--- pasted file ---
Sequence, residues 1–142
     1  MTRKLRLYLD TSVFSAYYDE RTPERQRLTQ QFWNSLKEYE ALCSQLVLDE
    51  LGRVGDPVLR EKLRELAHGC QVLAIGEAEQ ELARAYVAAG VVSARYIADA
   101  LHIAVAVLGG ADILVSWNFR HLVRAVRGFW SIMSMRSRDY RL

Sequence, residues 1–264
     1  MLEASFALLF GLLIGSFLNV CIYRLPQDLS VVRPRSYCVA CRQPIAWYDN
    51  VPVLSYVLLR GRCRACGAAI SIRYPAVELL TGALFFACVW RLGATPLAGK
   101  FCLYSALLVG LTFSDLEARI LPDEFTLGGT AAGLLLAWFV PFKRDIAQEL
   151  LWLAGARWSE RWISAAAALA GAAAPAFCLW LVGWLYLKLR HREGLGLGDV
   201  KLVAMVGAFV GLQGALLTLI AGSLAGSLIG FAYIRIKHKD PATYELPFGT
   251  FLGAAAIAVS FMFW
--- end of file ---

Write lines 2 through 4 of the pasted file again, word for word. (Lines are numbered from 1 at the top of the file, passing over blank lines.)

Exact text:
     1  MTRKLRLYLD TSVFSAYYDE RTPERQRLTQ QFWNSLKEYE ALCSQLVLDE
    51  LGRVGDPVLR EKLRELAHGC QVLAIGEAEQ ELARAYVAAG VVSARYIADA
   101  LHIAVAVLGG ADILVSWNFR HLVRAVRGFW SIMSMRSRDY RL